Under the 2009 rate, 99.8% of estates owe no estate tax at all. And as the Center on Budget and Policy Priorities (CBPP) showed, over 62% of estate tax revenue comes from the "extreme wealthy" with fortunes greater than $20 million. "Only three percent of taxes owed" are paid by estates under $5 million. But as the Washington Post explained in April 2009, those are precisely the pockets Lincoln and Kyl want to line:

The estate tax is scheduled to disappear in 2010, only to be resurrected the following year at its 2001 level, when it applied only to estates worth over $2 million per couple at a rate of 55 percent. In fact, no one expects it to return to that level -- although letting it do so would be a far more rational response to the current crisis than the Lincoln-Kyl approach. Rather, President Obama has proposed holding the tax at this year's level: an exemption of $7 million per couple, with a 45 percent rate for amounts beyond that; this would cost $484 billion over 10 years. Senate Finance Committee Chairman Max Baucus (D-Mont.) has endorsed this solution, with indexing for inflation. This would hardly be punitive. At that level, 99.76 percent of estates would incur no tax whatsoever. Those who owe would pay, on average, $2.25 million less than they would have paid at the 2001 exemption level. Why in the world should these folks get more of a tax cut?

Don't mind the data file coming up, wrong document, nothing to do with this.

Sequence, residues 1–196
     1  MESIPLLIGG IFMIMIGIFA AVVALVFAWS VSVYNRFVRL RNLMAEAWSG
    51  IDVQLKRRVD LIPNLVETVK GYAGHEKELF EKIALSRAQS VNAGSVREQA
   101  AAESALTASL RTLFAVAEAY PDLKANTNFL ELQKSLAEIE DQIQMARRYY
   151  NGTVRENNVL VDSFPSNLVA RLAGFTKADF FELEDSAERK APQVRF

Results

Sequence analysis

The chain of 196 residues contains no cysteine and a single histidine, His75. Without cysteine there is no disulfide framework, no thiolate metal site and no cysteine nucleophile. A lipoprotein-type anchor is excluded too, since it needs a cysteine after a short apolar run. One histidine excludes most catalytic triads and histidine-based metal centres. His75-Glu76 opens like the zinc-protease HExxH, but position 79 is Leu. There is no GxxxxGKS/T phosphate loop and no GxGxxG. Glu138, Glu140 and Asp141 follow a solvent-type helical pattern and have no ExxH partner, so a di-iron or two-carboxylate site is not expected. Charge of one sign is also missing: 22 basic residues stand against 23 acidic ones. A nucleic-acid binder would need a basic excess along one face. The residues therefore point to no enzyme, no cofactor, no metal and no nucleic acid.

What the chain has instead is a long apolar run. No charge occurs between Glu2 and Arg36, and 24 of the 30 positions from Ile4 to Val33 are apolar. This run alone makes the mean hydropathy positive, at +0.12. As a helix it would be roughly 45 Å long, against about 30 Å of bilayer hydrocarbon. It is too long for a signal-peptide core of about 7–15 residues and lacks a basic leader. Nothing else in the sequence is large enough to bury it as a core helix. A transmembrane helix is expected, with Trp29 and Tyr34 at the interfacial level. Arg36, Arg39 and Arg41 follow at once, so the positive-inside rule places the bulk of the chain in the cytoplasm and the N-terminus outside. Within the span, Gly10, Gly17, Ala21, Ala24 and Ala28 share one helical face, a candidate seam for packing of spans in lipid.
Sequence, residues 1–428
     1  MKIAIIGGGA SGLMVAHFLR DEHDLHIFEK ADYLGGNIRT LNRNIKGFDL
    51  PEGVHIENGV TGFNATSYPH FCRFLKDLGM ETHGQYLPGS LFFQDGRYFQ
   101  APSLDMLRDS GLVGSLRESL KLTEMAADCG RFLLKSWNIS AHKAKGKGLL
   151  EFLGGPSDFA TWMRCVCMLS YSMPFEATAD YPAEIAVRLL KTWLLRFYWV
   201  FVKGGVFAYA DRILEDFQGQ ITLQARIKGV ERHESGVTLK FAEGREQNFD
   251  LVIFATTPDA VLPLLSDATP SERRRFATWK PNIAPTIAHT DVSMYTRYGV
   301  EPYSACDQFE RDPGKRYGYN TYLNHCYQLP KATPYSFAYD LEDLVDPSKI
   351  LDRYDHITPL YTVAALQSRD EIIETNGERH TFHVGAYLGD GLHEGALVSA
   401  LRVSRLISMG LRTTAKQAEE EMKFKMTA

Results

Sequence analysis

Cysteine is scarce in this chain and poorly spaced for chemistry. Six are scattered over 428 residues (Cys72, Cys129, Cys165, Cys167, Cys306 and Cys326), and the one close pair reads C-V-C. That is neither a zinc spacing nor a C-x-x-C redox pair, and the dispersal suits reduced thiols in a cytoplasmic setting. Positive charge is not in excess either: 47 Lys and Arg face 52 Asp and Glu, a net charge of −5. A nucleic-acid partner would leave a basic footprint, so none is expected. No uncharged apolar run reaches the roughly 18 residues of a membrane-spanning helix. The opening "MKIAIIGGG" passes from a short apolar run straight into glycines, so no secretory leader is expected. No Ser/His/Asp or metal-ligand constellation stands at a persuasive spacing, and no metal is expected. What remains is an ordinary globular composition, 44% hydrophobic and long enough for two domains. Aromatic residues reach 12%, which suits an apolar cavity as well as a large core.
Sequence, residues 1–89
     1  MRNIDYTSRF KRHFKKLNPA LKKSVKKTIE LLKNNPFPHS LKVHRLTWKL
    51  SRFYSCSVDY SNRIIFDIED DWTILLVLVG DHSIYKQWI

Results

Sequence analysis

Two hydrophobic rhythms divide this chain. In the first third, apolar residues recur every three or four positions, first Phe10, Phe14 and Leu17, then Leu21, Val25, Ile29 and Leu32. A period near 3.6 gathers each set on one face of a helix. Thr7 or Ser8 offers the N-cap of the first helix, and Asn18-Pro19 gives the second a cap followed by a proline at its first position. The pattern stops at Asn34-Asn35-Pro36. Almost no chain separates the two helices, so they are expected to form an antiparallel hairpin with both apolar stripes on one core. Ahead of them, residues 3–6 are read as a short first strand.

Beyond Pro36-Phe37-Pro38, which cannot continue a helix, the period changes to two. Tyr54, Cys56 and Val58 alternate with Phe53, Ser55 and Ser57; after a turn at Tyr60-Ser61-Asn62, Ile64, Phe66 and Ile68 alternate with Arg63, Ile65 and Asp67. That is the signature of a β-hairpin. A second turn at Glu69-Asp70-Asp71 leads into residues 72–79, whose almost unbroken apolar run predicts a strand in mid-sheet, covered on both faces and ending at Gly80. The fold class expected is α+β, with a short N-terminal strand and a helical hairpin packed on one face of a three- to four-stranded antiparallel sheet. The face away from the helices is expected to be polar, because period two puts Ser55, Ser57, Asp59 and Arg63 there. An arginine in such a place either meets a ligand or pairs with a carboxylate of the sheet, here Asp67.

The Republican scam over the so-called "death tax" is as bogus now as it was when President Bush first perpetrated it nine years ago. (The House GOP budget, fittingly unveiled by Rep. Paul Ryan on April Fool's Day 2009, would eliminate the estate tax altogether. CBPP estimated that ending the estate tax would cost the United States Treasury $1 trillion over 10 years.) While Nevada Senator John Ensign griped, "It destroys a lot of small businesses and a lot of family farms and ranches in America," House Minority Leader John Boehner (R-OH) groused:

"People who aren't wealthy, who may have built up value in land over generations and many family farms find themselves in situations where they've got to sell the farm in order the pay the taxes."